Unfair trials add to woes after Iyer injury

The more things change, certain things remain the same. In the context of India’s ODI team, No 4 has remained an Achilles’ heel since World Cup 2015. Players, coaches, strategies and philosophies have changed. Not concerns over No 4, with another World Cup inching closer.

After World Cup 2019, where India fielded four players in that position in nine matches, it seemed as if the team management was zeroing in on Shreyas Iyer. The Mumbai batter did not disappoint before getting injured. Of the 42 ODIs he played, Iyer came in at No 4 on 22 occasions and made 805 runs at 47.35, which is higher than his career average of 46.60. Both his centuries came in that position.

Although teams like Australia detected an apparent weakness in Iyer’s game against short-pitched bowling, on Indian pitches he was a good option, until suffering a back injury which needed a surgery in London. Although the BCCI has announced that Iyer is making progress, his participation in the World Cup is far from certain.

And this is where India have struggled. They are yet to find a suitable boy for the position, which is a pivotal one in 50-over cricket. Not an out and out slogger, yet who can accelerate and hold fort as required, taking on spin and pace, rotating strike are some of the requirements of this job. Truth be told, other than Iyer, India have not even tried out someone by giving that person a fair run in this format.

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In the West Indies, Hardik Pandya, Axar Patel and Sanju Samson batted there in the three-match series. That was difficult to understand because it suggested that the team management doesn’t have a No 4 of its choice at this stage, with a maximum of nine ODIs to play before the World Cup.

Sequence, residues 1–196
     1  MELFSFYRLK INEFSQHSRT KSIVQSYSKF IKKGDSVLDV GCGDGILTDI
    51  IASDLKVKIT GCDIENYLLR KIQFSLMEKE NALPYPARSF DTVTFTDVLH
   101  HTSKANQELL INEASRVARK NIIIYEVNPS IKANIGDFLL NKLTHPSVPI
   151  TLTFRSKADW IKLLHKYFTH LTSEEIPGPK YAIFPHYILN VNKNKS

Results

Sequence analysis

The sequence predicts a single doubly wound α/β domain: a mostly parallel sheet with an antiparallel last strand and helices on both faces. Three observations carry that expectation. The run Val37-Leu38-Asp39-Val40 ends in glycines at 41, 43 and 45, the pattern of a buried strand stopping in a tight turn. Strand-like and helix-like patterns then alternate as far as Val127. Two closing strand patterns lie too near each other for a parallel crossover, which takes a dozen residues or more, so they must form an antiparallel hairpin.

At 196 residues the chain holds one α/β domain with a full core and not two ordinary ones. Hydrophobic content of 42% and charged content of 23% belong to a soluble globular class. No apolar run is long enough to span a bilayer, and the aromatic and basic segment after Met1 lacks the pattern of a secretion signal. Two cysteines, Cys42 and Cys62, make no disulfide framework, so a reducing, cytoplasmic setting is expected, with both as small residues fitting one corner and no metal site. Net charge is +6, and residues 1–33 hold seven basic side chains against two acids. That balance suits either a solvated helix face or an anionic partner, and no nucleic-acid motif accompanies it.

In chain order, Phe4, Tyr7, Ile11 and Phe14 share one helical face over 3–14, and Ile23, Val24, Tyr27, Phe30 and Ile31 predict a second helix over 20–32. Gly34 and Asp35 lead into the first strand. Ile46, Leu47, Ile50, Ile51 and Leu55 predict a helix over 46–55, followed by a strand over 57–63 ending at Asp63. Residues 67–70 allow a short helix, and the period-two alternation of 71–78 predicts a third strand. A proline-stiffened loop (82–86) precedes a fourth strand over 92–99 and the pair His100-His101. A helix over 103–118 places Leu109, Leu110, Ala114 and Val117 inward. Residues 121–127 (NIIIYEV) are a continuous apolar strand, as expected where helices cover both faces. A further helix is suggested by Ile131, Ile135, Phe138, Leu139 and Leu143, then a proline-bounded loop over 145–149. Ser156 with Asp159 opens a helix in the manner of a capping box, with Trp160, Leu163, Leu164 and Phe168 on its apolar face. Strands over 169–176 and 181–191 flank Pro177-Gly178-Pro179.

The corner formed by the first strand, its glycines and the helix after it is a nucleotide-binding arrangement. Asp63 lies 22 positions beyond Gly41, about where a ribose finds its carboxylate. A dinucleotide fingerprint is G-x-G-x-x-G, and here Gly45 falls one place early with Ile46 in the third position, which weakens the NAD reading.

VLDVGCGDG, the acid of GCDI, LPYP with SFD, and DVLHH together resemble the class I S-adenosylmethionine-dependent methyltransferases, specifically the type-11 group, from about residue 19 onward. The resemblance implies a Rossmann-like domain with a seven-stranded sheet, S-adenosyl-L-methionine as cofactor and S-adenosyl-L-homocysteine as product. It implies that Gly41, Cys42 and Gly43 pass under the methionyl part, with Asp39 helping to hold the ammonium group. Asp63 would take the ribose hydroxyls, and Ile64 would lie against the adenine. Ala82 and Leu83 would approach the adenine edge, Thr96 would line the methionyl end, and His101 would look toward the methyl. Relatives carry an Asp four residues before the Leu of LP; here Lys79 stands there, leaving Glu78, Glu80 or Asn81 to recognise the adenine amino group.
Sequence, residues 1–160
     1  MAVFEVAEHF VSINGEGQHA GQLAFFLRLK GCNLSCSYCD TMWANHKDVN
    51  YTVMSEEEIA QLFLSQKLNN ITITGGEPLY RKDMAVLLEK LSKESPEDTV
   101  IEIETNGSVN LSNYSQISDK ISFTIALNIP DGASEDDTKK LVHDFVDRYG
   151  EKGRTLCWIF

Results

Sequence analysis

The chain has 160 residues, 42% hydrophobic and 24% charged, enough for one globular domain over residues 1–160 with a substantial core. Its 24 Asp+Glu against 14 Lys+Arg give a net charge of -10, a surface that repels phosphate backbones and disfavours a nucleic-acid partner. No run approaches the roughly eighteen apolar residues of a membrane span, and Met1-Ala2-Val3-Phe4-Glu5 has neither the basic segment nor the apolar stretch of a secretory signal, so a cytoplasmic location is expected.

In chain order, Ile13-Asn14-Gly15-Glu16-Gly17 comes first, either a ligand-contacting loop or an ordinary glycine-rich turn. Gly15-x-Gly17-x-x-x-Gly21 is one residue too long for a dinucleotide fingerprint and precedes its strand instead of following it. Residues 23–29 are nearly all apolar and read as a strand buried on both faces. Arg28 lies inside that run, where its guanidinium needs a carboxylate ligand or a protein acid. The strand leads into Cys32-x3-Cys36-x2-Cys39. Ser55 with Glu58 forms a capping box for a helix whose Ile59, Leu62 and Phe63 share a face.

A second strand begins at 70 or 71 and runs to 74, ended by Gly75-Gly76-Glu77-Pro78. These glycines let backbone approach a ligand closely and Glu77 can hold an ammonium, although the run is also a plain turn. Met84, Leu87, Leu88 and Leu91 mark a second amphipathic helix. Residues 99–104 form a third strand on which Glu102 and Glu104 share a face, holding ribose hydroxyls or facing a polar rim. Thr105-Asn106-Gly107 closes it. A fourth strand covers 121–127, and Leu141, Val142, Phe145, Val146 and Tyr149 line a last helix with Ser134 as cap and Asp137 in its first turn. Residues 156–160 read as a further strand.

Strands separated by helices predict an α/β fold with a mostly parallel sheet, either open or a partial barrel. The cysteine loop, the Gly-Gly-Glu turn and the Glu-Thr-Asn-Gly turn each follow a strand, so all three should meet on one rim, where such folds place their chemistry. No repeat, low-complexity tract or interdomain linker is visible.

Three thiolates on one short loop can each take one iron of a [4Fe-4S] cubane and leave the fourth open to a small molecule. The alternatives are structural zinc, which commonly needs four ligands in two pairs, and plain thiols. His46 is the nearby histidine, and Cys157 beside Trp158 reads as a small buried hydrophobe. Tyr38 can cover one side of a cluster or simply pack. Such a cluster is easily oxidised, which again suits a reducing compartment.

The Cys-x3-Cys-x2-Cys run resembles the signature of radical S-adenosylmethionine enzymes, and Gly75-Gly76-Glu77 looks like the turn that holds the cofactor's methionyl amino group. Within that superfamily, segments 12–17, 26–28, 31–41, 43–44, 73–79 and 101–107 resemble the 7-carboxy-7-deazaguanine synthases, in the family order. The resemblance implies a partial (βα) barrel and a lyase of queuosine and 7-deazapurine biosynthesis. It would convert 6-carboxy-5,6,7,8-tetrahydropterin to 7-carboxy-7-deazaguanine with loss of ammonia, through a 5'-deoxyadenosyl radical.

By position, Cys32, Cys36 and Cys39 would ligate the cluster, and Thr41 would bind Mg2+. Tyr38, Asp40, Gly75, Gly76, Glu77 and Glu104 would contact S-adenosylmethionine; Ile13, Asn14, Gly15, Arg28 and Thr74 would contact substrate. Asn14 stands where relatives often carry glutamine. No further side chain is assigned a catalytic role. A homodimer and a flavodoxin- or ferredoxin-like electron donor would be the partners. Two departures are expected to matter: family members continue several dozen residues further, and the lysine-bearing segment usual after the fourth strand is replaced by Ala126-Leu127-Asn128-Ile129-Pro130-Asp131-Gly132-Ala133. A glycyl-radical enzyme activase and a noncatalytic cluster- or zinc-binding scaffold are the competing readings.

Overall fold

India actually gave Iyer a few successive games in the same position. In six ODIs against Bangladesh and Sri Lanka starting last December, he batted at No 4 five times. He got injured at this stage and aggravated it after being included in the Test XI against Australia in March.

India have gone back to the musical chair system since. In the next nine games up to the final ODI against the West Indies, six batters played in that position. One of them, KL Rahul, also got injured. The rest including Ishan Kishan, Suryakumar Yadav, Pandya, Axar and Samson did not play enough at No 4 to judge whether they fit the bill.

Samson made a sparkling half-century in the final ODI in the Caribbean and is expected to get a few games in the Asia Cup. But he is also a work in progress rather than being a finished product. If he gets a few runs and Iyer recovers before the World Cup, it would put the selectors in a dilemma because the latter may not get enough game time to get back in shape.

India reached the World Cup semi-finals in 2015 and 2019 because their bowlers did a great job and the top three accounted for a huge chunk of the runs scored. Problems in batting started after them. The latest trend of trying out several players without allowing them the chance to settle down is not the best way out of this situation. India need a solution and a quick one at that.

Also Read: Cameos are Not Enough, Samson Must do Better

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